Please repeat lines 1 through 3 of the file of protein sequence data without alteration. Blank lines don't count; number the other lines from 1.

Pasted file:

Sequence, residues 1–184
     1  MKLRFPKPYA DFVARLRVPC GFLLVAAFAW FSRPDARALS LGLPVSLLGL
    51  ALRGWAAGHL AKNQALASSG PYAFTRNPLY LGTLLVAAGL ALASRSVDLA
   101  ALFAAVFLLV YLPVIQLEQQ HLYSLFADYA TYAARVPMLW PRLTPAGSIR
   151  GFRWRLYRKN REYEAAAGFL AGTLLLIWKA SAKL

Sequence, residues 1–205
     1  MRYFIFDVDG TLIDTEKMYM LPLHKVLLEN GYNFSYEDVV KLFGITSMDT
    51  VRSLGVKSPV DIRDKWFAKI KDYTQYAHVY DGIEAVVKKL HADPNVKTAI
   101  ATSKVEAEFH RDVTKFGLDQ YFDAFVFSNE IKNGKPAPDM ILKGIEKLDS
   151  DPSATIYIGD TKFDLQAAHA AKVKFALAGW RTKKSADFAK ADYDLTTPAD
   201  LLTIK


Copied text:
Sequence, residues 1–184
     1  MKLRFPKPYA DFVARLRVPC GFLLVAAFAW FSRPDARALS LGLPVSLLGL
    51  ALRGWAAGHL AKNQALASSG PYAFTRNPLY LGTLLVAAGL ALASRSVDLA